Pemra disowns assertions about foreign-funded programmes

30 Jul 2013


— File Photo by AP
— File Photo by AP

ISLAMABAD, July 29: The Pakistan Electronic Media Regulatory Authority (Pemra) denied in the Supreme Court on Monday it had ever made assertions that a media house was airing foreign-funded programmes.

“We categorically deny this and have even contacted top bosses of the media house to satisfy them,” said Zulfikar Maluka, the counsel for Pemra.

A three-judge bench headed by Chief Justice Iftikhar Muhammad Chaudhry had taken up an application moved by anchorpersons Hamid Mir and Absar Alam requesting it to make public evidence in support of the serious allegations made by senior Pemra officers which were also made part of the voluminous report issued by a two-man media commission headed by retired Justice Nasir Aslam Zahid.

The commission was appointed by a bench headed by Justice Jawwad S. Khawaja on Jan 15 in response to the petitions filed by the anchorpersons requesting the court to disclose the names of beneficiaries of secret funds being maintained by the information ministry. The report, along with recommendations, was submitted to the court on July 3.

After holding meetings with Pemra chairman Chaudhry Rashid Ahmad, executive director Dr Abdul Jabbar, director general (licensing) Ashfaq Jumani, general manager (legal) Nasir Ahmad and secretary Suhail Ahmed, the commission had included unsubstantiated but serious allegations in its report.

“It was revealed that lots of funds were pouring into media outlets from abroad in the form of sponsorship and that the programme ‘Zara Socheay’ had received sponsorship to the extent of 20 million pounds,” the report said.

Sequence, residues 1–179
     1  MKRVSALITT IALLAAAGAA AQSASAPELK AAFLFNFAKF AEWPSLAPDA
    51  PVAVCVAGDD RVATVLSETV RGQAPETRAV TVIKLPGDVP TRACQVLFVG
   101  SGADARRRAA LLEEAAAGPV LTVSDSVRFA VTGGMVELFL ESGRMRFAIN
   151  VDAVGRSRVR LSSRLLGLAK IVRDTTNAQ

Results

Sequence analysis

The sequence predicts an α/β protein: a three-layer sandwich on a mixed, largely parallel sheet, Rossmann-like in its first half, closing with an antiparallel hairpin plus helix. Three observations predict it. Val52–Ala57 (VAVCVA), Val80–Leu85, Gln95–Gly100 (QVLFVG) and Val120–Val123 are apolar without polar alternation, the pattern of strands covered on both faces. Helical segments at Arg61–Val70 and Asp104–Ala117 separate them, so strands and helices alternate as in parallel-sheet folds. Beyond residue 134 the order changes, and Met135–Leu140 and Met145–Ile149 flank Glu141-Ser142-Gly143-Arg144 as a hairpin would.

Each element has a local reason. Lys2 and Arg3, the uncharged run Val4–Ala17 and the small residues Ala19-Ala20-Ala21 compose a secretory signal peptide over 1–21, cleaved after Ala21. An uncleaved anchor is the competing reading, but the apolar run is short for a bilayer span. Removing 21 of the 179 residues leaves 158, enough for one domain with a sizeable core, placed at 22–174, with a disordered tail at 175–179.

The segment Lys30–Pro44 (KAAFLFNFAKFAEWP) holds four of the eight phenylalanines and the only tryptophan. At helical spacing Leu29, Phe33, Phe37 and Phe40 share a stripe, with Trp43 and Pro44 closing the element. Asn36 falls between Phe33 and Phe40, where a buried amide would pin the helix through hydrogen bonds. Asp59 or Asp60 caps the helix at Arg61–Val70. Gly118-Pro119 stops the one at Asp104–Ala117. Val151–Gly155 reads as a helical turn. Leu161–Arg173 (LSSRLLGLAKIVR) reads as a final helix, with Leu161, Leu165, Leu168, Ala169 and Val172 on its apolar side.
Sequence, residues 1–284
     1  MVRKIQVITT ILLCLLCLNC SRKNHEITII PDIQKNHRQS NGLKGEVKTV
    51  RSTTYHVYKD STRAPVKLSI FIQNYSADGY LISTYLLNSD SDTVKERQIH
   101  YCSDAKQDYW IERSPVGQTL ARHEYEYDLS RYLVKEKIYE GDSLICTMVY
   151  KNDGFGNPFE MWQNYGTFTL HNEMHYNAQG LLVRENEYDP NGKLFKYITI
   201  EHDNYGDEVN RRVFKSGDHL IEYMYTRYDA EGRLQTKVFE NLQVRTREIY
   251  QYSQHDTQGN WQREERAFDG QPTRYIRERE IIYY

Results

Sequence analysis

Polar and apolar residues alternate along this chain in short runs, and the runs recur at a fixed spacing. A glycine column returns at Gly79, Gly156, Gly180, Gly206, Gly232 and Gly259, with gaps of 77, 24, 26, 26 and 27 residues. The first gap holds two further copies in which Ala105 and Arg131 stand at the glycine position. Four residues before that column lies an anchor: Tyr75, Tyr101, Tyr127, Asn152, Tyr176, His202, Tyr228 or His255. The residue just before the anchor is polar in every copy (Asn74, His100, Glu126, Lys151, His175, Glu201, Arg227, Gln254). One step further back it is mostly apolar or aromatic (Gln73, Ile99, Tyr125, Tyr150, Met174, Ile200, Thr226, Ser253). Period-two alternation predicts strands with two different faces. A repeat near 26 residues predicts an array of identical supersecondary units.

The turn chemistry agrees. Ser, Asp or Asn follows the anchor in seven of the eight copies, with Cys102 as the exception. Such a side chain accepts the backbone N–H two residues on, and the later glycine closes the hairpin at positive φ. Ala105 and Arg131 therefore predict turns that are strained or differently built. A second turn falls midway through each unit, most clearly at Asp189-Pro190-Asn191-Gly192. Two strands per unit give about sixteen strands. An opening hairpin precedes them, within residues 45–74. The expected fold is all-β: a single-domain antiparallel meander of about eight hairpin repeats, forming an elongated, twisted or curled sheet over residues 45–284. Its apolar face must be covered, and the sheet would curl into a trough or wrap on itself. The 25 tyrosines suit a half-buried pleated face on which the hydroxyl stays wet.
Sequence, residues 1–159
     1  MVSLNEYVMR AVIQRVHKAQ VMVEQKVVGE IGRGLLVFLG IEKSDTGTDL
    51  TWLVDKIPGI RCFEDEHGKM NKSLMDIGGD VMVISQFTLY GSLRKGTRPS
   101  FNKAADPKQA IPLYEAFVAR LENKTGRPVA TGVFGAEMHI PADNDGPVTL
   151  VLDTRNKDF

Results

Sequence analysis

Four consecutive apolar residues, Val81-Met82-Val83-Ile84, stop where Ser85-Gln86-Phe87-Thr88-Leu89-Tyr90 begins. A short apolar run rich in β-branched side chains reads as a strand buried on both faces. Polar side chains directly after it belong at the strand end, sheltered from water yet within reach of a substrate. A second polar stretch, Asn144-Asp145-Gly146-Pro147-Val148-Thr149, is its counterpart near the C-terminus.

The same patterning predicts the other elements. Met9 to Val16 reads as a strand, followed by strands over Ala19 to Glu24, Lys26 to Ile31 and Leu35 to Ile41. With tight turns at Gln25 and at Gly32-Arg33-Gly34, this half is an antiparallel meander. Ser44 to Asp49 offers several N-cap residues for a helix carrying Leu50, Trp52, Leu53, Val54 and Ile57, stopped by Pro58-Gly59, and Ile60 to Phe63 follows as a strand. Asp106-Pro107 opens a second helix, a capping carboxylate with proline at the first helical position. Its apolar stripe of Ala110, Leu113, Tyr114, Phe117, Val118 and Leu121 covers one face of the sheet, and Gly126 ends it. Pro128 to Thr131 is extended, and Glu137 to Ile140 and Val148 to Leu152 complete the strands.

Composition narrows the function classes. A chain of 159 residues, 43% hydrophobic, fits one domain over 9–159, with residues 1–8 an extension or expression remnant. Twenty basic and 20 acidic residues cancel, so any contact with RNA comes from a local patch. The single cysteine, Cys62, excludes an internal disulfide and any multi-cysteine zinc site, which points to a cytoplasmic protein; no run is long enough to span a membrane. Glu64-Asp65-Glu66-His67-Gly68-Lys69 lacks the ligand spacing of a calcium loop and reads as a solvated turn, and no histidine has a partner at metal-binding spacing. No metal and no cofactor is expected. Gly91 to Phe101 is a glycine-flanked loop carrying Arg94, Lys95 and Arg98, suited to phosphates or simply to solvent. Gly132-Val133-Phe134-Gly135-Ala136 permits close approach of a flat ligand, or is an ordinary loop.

It also mentioned allegations that “Aman ki Asha” was being funded by a Norwegian NGO ‘Friends Without Borders’ and that the footprints of this funding led to Indian sponsors, including state television Doordarshan.

Hamid Mir said Pemra had levelled a serious allegation the evidence of which should be shared with the Supreme Court.

Absar Alam said the regulatory authority had made highly objectionable and unsubstantiated assertions.

“The same thing you people do all day long,” said Justice Sheikh Azmat Saeed, a member of the bench. He recalled that former prime minister Hussain Shaheed Suharwardy had also been declared an Indian agent without any evidence.

Advocate Maluka said that no such statement had been given by the senior Pemra officers. Had they ever intended to level such allegations, they would have given these in writing, he said, adding: “I don’t know from where the media commission had quoted these allegations.”

Justice Jawwad Khawaja said a simple denial would not be sufficient.

The counsel said Pemra could issue a press note in this regard.

In its order, the court said the allegations were not only provocative but also involved the goodwill and credibility of the media house as well as these programmes. “Such assertions can be stretched to any extent,” it said, adding that prime facie at this stage it was difficult to accept the denial made by Pemra because it had been recorded by a commission comprising highly reputable individuals who had no reasons for incorporating these assertions in its report.

The court decided to issue notices to the five officers of Pemra – Chaudhry Rashid Ahmad, Dr Abdul Jabbar, Ashfaq Jumani, Nasir Ahmad and Suhail Ahmed – asking them to explain their position and furnish evidence on Aug 2. They are also required to disclose the source on the basis of which they made such assertions, particularly about the programmes.